Since 2001, more than 2.6 million U.S. military personnel have been deployed in support of Operations Enduring Freedom, Iraqi Freedom, and New Dawn. Between 2001 and 2016, more than 350,000 cases of traumatic brain injury (TBI) have been diagnosed in active duty Service members, most of which are concussive TBI (cTBI), also known as mild TBI.
Blog posts with the tag "Staff Perspective"
Thinking about relationship, and always looking for a new slant that captures imagination, creativity and makes me pause to identify and question long-held beliefs, I decided to write a review of a new book that did exactly that. Dr. Brene Brown is a qualitative grounded theory researcher who develops theories based on peoples lived experiences rather than proving or disproving existing theories. In the midst of an era of disconnection, she speaks of cultivating community and the power of belonging.
If you have ever worked with a combat Veteran, at some point you have heard frustration from both the Veteran and family members about their communication specific to details about combat experiences. I was recently listening to a patient of mine with this common problem, and he put it very well – “I should tell my wife everything. But I don’t…. I can’t. It is too much to pile on her, and it would hurt her. So I don’t. I push her away instead, block her questions out so my pain won’t be her pain.” Listening to him, and all the others with similar statements, always seems to take me back to the first time I explained this issue with a patient and his family.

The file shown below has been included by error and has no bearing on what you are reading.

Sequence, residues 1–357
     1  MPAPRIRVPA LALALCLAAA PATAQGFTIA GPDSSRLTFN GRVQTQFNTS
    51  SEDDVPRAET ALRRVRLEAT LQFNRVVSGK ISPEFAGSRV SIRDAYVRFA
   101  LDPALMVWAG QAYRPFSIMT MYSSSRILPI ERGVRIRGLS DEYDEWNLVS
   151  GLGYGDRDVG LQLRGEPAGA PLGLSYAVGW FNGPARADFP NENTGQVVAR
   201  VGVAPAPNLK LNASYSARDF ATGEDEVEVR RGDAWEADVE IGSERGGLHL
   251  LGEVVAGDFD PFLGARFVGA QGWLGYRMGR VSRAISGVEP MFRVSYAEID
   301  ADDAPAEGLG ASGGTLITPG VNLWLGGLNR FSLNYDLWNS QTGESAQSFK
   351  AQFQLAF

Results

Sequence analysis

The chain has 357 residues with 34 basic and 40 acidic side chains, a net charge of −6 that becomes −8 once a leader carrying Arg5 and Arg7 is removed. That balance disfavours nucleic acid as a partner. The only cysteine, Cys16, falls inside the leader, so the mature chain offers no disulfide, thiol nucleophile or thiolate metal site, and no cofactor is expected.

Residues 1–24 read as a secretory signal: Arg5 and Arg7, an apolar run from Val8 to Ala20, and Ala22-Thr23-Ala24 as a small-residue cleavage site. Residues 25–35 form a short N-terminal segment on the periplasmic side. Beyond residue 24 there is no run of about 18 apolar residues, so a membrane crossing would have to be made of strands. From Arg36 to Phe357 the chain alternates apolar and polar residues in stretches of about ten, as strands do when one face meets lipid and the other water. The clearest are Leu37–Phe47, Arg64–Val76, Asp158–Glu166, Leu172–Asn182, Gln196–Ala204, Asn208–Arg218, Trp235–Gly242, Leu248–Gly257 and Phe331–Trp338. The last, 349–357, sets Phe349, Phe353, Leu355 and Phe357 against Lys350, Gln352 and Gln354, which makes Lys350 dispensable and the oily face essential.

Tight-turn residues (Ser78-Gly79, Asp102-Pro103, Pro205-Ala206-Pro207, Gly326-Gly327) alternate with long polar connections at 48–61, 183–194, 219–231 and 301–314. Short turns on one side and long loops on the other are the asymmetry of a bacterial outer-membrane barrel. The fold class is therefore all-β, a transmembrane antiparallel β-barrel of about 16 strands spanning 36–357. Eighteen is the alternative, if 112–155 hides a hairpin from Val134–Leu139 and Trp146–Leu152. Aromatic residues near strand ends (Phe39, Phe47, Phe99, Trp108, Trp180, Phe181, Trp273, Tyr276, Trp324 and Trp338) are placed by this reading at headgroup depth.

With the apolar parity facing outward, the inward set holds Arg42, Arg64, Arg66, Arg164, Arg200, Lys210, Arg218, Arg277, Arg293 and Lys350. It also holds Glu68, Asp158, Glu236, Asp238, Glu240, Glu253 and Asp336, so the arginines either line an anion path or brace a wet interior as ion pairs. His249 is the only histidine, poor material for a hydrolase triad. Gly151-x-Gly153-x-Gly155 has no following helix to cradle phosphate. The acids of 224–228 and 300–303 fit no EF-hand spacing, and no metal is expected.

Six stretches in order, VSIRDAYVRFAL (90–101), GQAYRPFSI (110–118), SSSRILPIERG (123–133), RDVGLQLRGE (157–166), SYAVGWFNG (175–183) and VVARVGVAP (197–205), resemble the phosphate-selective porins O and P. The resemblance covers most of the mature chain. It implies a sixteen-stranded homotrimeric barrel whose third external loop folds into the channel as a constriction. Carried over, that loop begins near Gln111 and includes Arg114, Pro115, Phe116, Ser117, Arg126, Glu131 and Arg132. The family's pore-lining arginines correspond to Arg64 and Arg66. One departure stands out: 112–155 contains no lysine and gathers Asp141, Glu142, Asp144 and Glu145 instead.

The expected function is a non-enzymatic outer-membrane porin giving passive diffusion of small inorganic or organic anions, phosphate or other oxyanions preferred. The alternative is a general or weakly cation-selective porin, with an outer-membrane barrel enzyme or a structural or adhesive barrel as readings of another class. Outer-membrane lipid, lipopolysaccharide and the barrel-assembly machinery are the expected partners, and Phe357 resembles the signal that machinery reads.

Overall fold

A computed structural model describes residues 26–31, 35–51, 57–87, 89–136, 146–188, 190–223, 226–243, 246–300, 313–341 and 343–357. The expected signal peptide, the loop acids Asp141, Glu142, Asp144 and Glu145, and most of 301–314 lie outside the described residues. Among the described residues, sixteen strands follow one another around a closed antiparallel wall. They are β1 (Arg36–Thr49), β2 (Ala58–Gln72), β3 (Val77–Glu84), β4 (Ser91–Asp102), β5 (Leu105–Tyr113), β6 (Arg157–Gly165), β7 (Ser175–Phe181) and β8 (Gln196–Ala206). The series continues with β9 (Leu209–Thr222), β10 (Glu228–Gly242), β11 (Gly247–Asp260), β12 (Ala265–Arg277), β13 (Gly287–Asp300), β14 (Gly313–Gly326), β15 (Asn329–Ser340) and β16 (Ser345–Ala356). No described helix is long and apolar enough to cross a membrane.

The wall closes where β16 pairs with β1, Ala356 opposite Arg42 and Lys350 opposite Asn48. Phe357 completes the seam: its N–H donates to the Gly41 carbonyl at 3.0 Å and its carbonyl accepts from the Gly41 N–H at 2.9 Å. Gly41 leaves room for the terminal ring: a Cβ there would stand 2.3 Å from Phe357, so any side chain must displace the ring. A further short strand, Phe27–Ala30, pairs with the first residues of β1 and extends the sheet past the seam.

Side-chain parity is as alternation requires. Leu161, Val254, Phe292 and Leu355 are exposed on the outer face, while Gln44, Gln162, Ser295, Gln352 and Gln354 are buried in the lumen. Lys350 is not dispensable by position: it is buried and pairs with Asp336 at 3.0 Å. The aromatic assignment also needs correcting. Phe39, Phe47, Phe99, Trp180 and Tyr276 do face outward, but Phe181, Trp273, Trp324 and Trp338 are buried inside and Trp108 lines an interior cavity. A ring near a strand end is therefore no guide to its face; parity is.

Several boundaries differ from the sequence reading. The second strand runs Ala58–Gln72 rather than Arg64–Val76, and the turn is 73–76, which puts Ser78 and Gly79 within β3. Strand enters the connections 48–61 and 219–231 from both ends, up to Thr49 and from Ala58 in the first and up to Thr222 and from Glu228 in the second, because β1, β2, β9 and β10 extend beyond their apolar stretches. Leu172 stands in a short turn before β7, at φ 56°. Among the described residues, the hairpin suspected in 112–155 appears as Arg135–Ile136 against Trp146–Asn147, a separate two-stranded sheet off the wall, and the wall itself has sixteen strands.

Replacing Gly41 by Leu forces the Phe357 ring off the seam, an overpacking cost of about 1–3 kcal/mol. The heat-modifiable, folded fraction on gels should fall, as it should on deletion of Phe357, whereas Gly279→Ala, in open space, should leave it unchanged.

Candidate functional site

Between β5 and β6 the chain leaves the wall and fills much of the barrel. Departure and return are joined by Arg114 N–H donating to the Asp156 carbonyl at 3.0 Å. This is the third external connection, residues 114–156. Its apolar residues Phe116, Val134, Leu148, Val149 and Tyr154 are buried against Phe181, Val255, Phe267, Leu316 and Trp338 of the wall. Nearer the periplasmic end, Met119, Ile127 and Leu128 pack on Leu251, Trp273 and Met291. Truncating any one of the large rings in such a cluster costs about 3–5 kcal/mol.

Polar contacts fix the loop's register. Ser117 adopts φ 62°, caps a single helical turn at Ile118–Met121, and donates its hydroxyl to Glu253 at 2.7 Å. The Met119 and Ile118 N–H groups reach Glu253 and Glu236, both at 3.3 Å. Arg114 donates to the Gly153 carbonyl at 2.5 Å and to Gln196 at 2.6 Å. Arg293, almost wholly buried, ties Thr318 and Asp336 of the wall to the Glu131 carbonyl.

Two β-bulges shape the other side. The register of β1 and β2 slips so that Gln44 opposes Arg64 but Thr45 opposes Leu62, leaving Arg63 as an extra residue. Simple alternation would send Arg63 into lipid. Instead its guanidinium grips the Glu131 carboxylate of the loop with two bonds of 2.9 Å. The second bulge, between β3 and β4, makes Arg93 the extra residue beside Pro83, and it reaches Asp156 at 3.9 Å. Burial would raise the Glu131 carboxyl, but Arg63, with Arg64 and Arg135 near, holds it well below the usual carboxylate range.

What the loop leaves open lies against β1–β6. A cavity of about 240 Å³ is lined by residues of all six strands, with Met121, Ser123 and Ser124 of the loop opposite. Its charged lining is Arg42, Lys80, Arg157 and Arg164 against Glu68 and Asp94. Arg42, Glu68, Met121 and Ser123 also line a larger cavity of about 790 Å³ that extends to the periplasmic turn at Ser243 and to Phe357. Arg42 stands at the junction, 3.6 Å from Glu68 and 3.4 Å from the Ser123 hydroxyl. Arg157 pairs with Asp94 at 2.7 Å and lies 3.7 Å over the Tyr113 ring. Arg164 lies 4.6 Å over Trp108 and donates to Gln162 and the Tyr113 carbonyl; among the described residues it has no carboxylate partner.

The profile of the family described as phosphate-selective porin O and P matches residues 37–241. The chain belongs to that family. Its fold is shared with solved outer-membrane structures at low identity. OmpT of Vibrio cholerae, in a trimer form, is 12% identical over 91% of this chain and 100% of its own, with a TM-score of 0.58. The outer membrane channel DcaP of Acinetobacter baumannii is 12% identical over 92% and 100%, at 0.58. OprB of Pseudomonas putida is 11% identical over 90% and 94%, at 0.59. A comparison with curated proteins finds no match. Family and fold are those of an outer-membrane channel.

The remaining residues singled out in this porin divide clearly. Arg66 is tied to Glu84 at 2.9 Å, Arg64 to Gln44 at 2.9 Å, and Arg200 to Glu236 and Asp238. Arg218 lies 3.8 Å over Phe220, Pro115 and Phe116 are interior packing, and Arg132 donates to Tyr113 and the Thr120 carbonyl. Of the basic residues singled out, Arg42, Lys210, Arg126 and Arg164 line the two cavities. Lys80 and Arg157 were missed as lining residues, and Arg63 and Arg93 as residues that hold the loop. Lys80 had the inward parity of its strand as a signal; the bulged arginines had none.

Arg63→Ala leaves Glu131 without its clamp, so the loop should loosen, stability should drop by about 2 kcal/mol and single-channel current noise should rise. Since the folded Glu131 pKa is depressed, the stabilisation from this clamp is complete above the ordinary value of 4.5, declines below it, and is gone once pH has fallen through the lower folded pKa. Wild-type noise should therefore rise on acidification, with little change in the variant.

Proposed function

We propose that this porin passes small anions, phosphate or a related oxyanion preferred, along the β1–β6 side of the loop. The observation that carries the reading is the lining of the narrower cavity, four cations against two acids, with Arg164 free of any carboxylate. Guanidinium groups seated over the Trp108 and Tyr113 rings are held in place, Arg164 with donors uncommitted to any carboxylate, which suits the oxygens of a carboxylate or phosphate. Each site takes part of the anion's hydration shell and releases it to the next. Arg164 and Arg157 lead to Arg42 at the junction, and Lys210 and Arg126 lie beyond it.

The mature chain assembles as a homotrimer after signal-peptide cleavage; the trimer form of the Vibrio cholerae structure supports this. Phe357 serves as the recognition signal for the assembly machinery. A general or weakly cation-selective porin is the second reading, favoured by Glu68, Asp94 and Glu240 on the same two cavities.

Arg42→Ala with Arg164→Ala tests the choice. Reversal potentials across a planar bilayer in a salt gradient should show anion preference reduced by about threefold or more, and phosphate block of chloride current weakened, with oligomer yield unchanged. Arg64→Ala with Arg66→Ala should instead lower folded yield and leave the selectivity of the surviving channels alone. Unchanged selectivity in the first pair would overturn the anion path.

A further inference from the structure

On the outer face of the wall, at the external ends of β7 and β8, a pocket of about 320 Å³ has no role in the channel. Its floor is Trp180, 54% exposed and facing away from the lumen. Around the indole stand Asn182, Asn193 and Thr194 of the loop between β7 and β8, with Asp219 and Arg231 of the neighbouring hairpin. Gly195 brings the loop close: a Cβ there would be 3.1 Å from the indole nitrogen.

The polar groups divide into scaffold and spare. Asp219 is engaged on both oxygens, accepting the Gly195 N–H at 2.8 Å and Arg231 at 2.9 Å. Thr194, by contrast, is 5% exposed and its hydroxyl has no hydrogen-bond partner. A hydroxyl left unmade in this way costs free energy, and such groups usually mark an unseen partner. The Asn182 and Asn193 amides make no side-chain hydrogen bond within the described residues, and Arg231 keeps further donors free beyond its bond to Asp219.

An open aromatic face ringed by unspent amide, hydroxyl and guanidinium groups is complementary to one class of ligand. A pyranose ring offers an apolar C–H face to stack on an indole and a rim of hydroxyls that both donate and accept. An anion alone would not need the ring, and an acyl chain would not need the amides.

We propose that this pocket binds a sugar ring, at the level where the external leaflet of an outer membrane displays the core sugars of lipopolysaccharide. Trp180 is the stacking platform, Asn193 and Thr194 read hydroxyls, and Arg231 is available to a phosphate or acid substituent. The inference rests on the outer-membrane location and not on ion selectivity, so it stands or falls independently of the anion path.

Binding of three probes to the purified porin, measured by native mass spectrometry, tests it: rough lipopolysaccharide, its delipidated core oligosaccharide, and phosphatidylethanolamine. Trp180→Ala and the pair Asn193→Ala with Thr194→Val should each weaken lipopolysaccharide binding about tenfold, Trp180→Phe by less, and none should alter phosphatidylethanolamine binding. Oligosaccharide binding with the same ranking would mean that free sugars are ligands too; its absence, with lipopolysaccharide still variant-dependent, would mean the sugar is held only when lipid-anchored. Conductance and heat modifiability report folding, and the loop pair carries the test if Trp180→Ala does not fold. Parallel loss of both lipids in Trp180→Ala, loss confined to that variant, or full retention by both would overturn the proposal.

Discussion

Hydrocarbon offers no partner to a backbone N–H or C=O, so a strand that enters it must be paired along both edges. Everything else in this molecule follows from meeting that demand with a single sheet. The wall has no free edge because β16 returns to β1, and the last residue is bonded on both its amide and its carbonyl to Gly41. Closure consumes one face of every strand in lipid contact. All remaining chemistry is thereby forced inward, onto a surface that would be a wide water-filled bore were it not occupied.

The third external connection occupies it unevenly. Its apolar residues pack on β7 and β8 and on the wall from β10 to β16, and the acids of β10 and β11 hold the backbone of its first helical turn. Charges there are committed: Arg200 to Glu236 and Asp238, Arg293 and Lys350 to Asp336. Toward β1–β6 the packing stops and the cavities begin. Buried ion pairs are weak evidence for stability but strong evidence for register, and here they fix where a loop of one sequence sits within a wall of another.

It’s easy to say “I support the troops.” It’s quite another thing to leave your family during the holidays, travel 24 hours to the other side of the world, clear multiple levels of security, and provide free entertainment to deployed Service members. However, this is what the band Soul Asylum did recently. In late December, I talked with lead guitarist Ryan Smith about performing for Service members, morale abroad, and the experience of being a civilian visitor in a deployed setting.
Various theories of psychotherapy have long highlighted the importance of developing individualized treatment plans developed to meet the idiographic needs of the individual person. Decades of research have also supported the positive impact of patient-provider collaboration, which has yielded benefits to include increased sense of empowerment, autonomy, and satisfaction with treatment (Slade, 2017). Collaboration in treatment has led to improved treatment compliance and engagement, thereby producing enhanced treatment outcomes (Patel et al., 2008).